In a letter sent to Florida lawmakers, Hillsborough County State Attorney Andrew Warren is urging legislators to oppose the controversial anti-riot bill.
The legislation, which would enhance legal penalties against so-called rioters, vandals and looters in an effort to combat public disorder, is a priority among GOP leadership. The House Judiciary Committee is set to debate the bill Wednesday afternoon — and if it passes, the proposal is onto the House floor.
“This bill doesn’t give police or prosecutors any important new tools to handle unrest. It tears a couple [of] corners off the Constitution,” Warren writes. “It’s misguided. The public needs to understand this is a waste of valuable time and taxpayer money to keep pushing this bad bill forward.”
In his letter to lawmakers, Warren cites several reasons why legislators should reject the bill.
First, Warren argues, the legislation blocks First Amendment rights, because the bill expands the ways Constitutionally protected protesters can be arrested and charged as a felon.
Warren also claims the legislation will not improve public safety, saying “inventing new crimes and enhancing the penalties for old ones is a highly ineffective and imprudent way to improve public safety.”
The Hillsborough State Attorney referenced protests over the summer in response to the killing of George Floyd, which inspired the bill, saying that the office is currently prosecuting those responsible for looting and rioting in Tampa using laws currently on the books.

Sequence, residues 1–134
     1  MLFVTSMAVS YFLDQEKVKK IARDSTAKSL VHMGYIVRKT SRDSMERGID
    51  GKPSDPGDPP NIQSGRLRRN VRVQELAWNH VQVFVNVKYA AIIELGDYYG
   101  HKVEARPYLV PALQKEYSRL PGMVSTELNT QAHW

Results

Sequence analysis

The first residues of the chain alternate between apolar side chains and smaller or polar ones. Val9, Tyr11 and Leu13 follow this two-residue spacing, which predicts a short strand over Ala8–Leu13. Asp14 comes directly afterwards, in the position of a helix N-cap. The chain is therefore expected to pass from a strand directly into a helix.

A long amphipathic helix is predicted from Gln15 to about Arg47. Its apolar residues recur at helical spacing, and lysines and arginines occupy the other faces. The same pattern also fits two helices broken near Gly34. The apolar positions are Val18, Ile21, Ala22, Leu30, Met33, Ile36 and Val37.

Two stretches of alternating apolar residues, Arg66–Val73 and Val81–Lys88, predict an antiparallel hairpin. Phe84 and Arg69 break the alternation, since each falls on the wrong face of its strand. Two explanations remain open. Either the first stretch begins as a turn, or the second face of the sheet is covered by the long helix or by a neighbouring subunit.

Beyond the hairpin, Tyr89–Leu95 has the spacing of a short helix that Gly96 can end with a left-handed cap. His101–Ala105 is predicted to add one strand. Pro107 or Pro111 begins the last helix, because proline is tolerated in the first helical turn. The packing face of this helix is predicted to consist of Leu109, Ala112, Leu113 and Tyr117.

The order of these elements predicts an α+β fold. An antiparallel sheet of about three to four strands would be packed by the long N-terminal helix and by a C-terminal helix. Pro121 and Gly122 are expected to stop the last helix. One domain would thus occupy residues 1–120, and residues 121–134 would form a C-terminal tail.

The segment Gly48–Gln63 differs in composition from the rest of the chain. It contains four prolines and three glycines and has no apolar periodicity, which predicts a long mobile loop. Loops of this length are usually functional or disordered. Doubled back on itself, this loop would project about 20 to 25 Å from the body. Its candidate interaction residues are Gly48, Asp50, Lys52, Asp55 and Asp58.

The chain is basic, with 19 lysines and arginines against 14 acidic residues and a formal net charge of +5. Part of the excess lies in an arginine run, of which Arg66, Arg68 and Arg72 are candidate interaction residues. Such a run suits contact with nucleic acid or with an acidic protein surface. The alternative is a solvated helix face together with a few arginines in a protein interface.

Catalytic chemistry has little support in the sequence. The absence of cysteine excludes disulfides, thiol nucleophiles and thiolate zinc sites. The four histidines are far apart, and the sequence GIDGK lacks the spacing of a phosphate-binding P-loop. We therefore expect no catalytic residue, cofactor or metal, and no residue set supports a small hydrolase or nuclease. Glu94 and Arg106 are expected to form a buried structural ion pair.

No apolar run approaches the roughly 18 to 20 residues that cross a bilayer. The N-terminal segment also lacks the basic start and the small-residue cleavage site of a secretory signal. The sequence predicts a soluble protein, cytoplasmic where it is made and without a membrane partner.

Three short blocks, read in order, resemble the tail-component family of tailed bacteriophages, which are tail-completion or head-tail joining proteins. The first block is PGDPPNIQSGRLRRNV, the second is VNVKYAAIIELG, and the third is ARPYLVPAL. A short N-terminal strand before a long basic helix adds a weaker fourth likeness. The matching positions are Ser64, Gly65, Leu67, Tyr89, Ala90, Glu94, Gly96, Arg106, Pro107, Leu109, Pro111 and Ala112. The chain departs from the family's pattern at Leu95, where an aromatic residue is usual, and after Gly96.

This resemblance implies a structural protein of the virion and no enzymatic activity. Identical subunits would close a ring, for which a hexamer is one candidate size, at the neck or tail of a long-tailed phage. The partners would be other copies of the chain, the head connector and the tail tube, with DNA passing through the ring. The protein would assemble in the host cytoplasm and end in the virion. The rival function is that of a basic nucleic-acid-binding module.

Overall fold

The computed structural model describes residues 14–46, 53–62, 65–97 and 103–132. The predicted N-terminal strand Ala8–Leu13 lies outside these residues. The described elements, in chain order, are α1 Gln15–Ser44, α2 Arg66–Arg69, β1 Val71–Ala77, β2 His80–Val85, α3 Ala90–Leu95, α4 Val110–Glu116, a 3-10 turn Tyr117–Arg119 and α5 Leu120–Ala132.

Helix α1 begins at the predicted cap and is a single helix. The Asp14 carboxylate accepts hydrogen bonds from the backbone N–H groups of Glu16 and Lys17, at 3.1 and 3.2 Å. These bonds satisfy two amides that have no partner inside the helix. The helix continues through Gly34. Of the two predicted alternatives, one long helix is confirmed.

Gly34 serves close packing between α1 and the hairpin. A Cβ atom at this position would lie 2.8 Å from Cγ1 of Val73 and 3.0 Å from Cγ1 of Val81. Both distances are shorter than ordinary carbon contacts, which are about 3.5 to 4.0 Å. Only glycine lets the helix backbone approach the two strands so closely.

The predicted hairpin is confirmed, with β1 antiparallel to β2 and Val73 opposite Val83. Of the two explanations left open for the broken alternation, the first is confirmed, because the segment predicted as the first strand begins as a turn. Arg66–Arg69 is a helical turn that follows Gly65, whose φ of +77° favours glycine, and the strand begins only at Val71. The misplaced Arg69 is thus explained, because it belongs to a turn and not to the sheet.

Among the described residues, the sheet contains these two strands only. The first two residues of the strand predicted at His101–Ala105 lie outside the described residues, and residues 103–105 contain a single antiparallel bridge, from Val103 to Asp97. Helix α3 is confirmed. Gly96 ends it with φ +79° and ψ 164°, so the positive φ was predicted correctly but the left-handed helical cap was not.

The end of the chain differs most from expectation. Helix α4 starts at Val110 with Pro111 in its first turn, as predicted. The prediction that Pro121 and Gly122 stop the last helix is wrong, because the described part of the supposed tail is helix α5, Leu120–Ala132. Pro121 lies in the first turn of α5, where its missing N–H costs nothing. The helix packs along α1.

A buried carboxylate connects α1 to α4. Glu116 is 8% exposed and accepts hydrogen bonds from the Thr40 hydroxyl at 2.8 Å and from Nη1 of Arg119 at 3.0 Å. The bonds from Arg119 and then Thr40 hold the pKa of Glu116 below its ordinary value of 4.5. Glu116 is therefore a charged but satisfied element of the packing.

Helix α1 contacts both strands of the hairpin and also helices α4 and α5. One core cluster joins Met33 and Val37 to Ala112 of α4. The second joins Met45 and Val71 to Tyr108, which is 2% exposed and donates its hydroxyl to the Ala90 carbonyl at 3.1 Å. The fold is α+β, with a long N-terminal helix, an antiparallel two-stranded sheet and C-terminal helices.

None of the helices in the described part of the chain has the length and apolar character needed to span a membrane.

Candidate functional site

“The bill was initially proposed last fall in the wake of unlawful riots that splintered off from peaceful protests across the country following George Floyd’s murder,” Warren writes in the letter. “This misguided bill, while providing no solution to the challenges faced by prosecutors and law enforcement, directly undermines First Amendment freedoms by criminalizing peaceful protests by the many based on unlawful conduct by the few.”
Warren declined to prosecute 67 protesters arrested in early June. Police arrested the protesters for unlawful assembly during demonstrations calling for police reform in the wake of Floyd’s killing in Minneapolis. Still, Warren’s office found no basis for such charges.
In addition to declining to file charges, Warren’s office also took steps to expunge the arrests from each person’s record.
As he continues in his letter, Warren states that the legislation ignores the biggest problem: being able to identify the small number of bad actors in a larger law-abiding group and determine who did what.
Warren writes that the proposal “retreats to the outdated ‘throw-everyone-in-jail’ philosophy that has been revealed as a giant failure — having caused mass incarceration and systemic injustice while perpetuating a revolving door system that undermines the long-term safety of our neighborhoods.”
He continues by addressing the role of systemic racism within the criminal justice system, advocating for other policy options like eliminating private prisons and addressing problems unfairly faced in communities of color.
“If the drafters of these bills seriously want to confront the social unrest that led to rioting last year, then they should attend a protest, engage with those seeking reform, speak with the front-line law enforcement officers who patrolled the protests, and learn from prosecutors about how these cases proceed from charging to verdict,” Warren wrote.
“We need to confront the systemic racism we know exists in the criminal justice system,” he continued. “Until then, politicians can continue to ‘talk tough’ on crime and create as many laws as they want, but we will not make any real progress as a state or country unless and until we have a serious approach from serious leaders.”